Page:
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      Estrogen and Alzheimer??s Disease : The Story So Far

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          Comparison of the ligand binding specificity and transcript tissue distribution of estrogen receptors alpha and beta.

          The rat estrogen receptor (ER) exists as two subtypes, ER alpha and ER beta, which differ in the C-terminal ligand binding domain and in the N-terminal transactivation domain. In this study we investigated the messenger RNA expression of both ER subtypes in rat tissues by RT-PCR and compared the ligand binding specificity of the ER subtypes. Saturation ligand binding analysis of in vitro synthesized human ER alpha and rat ER beta protein revealed a single binding component for 16 alpha-iodo-17 beta-estradiol with high affinity [dissociation constant (Kd) = 0.1 nM for ER alpha protein and 0.4 nM for ER beta protein]. Most estrogenic substances or estrogenic antagonists compete with 16 alpha-[125I]iodo-17 beta-estradiol for binding to both ER subtypes in a very similar preference and degree; that is, diethylstilbestrol > hexestrol > dienestrol > 4-OH-tamoxifen > 17 beta-estradiol > coumestrol, ICI-164384 > estrone, 17 alpha-estradiol > nafoxidine, moxestrol > clomifene > estriol, 4-OH-estradiol > tamoxifen, 2-OH-estradiol, 5-androstene-3 beta, 17 beta-diol, genistein for the ER alpha protein and dienestrol > 4-OH-tamoxifen > diethylstilbestrol > hexestrol > coumestrol, ICI-164384 > 17 beta-estradiol > estrone, genistein > estriol > nafoxidine, 5-androstene-3 beta, 17 beta-diol > 17 alpha-estradiol, clomifene, 2-OH-estradiol > 4-OH-estradiol, tamoxifen, moxestrol for the ER beta protein. The rat tissue distribution and/or the relative level of ER alpha and ER beta expression seems to be quite different, i.e. moderate to high expression in uterus, testis, pituitary, ovary, kidney, epididymis, and adrenal for ER alpha and prostate, ovary, lung, bladder, brain, uterus, and testis for ER beta. The described differences between the ER subtypes in relative ligand binding affinity and tissue distribution could contribute to the selective action of ER agonists and antagonists in different tissues.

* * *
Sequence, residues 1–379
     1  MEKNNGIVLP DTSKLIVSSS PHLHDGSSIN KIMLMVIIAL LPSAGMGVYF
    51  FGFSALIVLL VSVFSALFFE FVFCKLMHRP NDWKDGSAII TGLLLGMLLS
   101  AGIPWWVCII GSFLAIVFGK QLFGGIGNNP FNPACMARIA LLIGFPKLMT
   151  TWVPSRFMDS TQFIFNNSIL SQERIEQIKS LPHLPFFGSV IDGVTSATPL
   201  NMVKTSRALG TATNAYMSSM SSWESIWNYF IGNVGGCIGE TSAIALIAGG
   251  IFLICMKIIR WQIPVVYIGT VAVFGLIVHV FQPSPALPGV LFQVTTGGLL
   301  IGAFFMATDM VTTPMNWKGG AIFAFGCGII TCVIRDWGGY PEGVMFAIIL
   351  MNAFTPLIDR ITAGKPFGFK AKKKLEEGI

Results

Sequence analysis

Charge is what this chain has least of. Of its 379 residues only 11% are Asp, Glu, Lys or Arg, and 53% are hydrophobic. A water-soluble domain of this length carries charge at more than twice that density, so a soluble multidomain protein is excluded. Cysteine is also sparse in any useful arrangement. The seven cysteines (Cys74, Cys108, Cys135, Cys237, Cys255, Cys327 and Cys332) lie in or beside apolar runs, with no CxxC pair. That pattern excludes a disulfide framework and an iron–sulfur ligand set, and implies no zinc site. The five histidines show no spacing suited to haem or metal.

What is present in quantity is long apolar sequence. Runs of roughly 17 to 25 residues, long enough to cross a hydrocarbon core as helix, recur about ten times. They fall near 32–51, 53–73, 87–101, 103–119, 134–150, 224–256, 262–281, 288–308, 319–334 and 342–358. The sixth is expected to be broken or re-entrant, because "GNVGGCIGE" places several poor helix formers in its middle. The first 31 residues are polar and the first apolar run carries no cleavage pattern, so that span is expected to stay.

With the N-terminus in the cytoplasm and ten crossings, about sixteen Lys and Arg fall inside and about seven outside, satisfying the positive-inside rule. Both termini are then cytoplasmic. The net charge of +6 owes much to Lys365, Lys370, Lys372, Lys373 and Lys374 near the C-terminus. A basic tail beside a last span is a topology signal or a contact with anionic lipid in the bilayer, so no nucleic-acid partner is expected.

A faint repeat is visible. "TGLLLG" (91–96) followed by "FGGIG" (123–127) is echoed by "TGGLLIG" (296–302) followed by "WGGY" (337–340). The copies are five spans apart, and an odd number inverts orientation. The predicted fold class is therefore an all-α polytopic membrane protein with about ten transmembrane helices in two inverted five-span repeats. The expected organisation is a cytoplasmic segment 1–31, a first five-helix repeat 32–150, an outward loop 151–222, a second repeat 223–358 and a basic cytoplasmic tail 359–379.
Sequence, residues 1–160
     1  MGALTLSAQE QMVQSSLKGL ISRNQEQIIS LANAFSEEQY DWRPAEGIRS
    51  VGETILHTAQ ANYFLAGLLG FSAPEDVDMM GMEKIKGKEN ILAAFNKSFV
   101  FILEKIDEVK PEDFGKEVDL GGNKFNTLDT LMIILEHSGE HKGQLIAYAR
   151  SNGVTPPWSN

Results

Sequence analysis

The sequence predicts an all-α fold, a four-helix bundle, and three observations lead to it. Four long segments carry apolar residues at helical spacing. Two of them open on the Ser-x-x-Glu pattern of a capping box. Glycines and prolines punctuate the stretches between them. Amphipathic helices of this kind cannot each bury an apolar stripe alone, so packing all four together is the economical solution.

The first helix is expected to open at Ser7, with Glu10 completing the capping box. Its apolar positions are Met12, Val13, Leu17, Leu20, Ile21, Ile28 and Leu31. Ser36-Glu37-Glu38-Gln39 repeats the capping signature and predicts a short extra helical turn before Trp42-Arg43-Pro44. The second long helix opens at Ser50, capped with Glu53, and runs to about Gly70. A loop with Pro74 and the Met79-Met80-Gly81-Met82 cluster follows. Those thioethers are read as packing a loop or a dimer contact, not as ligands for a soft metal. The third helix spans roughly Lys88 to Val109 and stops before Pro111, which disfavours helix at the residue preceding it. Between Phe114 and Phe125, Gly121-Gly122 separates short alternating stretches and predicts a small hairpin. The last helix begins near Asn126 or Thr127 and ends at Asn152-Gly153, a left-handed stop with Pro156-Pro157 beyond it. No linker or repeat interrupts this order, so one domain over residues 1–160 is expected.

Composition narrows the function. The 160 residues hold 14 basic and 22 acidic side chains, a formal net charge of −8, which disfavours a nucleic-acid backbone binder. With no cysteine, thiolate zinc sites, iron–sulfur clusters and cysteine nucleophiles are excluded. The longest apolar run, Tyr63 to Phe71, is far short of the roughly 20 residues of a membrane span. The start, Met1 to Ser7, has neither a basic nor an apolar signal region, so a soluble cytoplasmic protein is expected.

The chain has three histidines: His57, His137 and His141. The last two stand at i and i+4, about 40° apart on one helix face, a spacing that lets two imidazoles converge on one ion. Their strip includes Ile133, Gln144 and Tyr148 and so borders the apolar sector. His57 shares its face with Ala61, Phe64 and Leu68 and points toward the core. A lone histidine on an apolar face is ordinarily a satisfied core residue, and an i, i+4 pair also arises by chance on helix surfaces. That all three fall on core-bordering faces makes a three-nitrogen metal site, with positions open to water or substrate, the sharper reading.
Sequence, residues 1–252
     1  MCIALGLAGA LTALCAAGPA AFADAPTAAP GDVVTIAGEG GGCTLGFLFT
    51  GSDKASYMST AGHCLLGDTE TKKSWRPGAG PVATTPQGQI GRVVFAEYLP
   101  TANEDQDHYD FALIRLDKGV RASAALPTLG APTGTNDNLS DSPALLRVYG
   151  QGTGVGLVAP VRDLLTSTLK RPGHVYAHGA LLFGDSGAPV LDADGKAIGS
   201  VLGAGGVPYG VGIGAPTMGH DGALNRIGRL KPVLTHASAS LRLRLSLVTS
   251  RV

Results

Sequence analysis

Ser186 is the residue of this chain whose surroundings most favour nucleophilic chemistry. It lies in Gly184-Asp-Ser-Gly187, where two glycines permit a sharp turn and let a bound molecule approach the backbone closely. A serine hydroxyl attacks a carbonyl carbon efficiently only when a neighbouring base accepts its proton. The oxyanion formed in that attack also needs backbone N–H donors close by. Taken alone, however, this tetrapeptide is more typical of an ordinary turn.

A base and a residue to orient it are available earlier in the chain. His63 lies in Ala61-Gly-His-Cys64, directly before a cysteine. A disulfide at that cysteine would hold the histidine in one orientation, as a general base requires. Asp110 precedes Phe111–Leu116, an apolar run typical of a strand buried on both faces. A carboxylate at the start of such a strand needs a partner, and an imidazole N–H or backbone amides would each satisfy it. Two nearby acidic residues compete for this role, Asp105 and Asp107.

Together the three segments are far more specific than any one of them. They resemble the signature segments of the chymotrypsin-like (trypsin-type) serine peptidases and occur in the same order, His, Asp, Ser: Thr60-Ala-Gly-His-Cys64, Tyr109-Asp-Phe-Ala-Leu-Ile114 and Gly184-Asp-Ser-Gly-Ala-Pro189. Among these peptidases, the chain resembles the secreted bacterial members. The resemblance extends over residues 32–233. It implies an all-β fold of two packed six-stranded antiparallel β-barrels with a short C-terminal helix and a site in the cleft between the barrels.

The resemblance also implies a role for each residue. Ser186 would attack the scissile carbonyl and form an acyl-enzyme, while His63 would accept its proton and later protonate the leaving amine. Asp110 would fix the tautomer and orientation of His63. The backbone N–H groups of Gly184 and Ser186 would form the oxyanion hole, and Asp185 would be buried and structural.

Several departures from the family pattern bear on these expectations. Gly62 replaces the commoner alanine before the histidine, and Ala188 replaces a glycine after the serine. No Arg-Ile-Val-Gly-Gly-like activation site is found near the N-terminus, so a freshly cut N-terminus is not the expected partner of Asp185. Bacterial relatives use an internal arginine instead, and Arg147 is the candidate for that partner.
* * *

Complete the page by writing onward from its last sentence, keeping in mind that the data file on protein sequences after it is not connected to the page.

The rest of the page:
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            Folate, vitamin B12, and serum total homocysteine levels in confirmed Alzheimer disease.